As we celebrate Earth Day, I thought I’d revisit an article I wrote on October 2, 2009, as we tried to rise above the destruction caused by typhoon Ondoy, and as Pepeng made its way this time to wreak havoc in the mountains of the Cordilleras and nearby low-lying provinces. Here is that article:
“Look again at that dot. That's here. That's home. That's us. On it everyone you love, everyone you know, everyone you ever heard of, every human being who ever was, lived out their lives. The aggregate of our joy and suffering, thousands of confident religions, ideologies, and economic doctrines, every hunter and forager, every hero and coward, every creator and destroyer of civilization, every king and peasant, every young couple in love, every mother and father, hopeful child, inventor and explorer, every teacher of morals, every corrupt politician, every "superstar," every "supreme leader," every saint and sinner in the history of our species lived there – on a mote of dust suspended in a sunbeam.”
Carl Sagan said that. He was talking about a photograph taken by that NASA space probe, Voyager 1. The photograph, perhaps unless explained to its viewer, may not make sense at first glance: a dark background with a scattering of tiny specks and a ray of light that runs vertically through the middle, and barely visible somewhere on that ray of light, is a pale blue dot: Earth. That space probe was launched in 1977, originally with the primary intention of visiting Jupiter and Saturn, but currently on an “extended mission to locate and study the boundaries of the universe.” Upon Sagan’s constant prodding, and after completing its primary mission, on Valentine’s Day, 1990, NASA decided to command the probe to turn around for the last time and take a photograph of our home from 3.7 billion miles away. And there was home… “a mote of dust suspended in a sunbeam.”
It does put things in a different perspective, doesn’t it? Zoom in on that blue planet, zoom in further on the biggest continent in that planet, and zoom in even more on that collection of roughly 7,000 islands – somewhere in those islands, in a place they call Metro Manila, hundreds died and thousands were left homeless.
A weather disturbance that occurs here and there and every now and then on this pale blue dot brought in so much rain which resulted in unprecedented flooding in the area. It was, on that Saturday, Sept. 26, 2009, a great equalizer. It did not spare anyone, it did not choose between rich and poor, good and bad: powerful politicians, celebrities, common folk, it didn’t matter. Everyone was helpless.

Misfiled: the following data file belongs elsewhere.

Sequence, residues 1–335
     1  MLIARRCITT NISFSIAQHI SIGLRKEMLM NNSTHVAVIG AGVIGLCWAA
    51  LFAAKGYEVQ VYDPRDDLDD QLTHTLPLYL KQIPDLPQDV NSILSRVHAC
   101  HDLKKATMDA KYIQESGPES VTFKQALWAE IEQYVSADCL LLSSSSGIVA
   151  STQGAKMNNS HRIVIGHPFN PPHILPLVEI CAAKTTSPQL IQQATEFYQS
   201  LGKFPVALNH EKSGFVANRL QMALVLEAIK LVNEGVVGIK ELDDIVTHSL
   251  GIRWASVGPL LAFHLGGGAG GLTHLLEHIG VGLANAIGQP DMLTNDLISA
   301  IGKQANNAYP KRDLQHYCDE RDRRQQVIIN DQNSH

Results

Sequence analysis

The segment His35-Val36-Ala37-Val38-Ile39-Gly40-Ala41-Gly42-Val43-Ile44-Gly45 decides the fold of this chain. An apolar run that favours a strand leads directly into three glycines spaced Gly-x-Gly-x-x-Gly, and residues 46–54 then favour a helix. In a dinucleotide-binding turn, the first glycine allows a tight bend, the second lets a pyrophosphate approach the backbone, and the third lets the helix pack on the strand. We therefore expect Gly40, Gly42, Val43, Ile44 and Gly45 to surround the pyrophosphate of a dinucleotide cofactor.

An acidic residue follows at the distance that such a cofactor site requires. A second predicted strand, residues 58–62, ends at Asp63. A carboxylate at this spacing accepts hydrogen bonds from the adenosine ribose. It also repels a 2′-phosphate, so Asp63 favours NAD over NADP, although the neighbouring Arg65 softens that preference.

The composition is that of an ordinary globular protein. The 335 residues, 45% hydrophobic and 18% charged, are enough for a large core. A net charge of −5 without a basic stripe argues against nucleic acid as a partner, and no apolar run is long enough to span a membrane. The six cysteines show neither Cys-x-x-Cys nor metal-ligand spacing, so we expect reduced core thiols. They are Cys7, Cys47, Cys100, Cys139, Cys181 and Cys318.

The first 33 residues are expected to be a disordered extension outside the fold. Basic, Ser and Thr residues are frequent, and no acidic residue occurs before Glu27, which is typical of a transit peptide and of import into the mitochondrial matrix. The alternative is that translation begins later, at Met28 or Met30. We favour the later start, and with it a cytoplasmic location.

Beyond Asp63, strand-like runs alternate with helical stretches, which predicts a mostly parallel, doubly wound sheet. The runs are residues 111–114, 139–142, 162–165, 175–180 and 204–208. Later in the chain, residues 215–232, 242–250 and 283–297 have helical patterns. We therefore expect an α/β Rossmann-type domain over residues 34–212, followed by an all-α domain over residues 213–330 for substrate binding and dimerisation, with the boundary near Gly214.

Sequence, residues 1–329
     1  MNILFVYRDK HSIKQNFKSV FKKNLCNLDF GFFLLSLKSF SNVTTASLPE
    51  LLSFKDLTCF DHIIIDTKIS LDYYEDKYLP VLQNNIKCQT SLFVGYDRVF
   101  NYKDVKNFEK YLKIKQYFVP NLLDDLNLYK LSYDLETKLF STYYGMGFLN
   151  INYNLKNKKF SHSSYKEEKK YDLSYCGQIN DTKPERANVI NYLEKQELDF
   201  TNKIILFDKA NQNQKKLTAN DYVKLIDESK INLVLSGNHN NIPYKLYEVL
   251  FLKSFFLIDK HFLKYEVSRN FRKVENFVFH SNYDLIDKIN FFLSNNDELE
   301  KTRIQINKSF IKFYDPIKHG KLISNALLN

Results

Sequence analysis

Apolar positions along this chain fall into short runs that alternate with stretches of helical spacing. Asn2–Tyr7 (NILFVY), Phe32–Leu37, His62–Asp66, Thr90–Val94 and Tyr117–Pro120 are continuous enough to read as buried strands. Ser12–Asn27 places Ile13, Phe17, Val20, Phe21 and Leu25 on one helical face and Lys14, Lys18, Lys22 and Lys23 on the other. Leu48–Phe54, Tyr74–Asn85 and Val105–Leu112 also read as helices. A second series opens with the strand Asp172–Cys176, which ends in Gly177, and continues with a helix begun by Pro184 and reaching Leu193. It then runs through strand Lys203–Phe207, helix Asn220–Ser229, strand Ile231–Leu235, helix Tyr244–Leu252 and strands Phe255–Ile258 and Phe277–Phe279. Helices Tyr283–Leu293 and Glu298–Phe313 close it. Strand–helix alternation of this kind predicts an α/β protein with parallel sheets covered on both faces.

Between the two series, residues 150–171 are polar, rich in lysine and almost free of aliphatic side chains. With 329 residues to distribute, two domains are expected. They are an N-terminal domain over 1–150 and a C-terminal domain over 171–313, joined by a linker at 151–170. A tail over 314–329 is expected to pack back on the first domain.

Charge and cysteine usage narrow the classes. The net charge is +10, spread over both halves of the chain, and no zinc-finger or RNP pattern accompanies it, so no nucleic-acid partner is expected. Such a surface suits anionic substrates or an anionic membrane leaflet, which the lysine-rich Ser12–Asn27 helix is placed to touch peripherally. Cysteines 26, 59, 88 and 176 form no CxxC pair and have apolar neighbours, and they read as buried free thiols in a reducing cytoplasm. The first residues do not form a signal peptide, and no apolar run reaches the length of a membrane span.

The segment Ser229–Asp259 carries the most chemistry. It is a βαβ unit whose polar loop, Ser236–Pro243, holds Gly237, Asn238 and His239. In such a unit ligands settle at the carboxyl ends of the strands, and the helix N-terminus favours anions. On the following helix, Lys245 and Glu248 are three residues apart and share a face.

You may think so highly of your position in government, or your popularity as a celebrity, but in the eye of “Ondoy,” you’re just one of billions of this mote of dust’s inhabitants, and in that instant your life mattered just as much as your neighbor’s noisy mongrel. So the next time you are deluded into believing that you are so great and powerful, privileged and untouchable, remember that during that one stormy day, you felt the same way everyone else did: small and powerless against the power of… what? Just a combination of some amount of warm and cold air spinning in one direction and coming your way.
After collecting donations and distributing all those relief goods (go ahead, put a sticker with your name on it if that makes you feel good about yourself), after caring for someone other than yourself for one brief moment, and after getting our lives back together again, remember that just some hundreds of meters above and your face cannot be recognized anymore. A few kilometers away from earth and your home cannot be distinguished from everyone else’s. Just a little beyond the earth’s atmosphere and you’re not even a dot anymore. And from 3.7 billion miles away?
Carl Sagan further said, “The Earth is the only world known so far to harbor life. There is nowhere else, at least in the near future, to which our species could migrate… Like it or not, for the moment the Earth is where we make our stand… It has been said that astronomy is a humbling and character-building experience. There is perhaps no better demonstration of the folly of human conceits than this distant image of our tiny world. To me, it underscores our responsibility to deal more kindly with one another, and to preserve and cherish the pale blue dot, the only home we've ever known.”
There’s something, someone, out there that, who, is so much bigger than you are and will ever be. Call it what you want… I believe it’s God. And if there’s one lesson that can be learned from all this, for me it’s this: Remember your place in this universe. There’s so many ways you can make your short visit on this pale blue dot matter.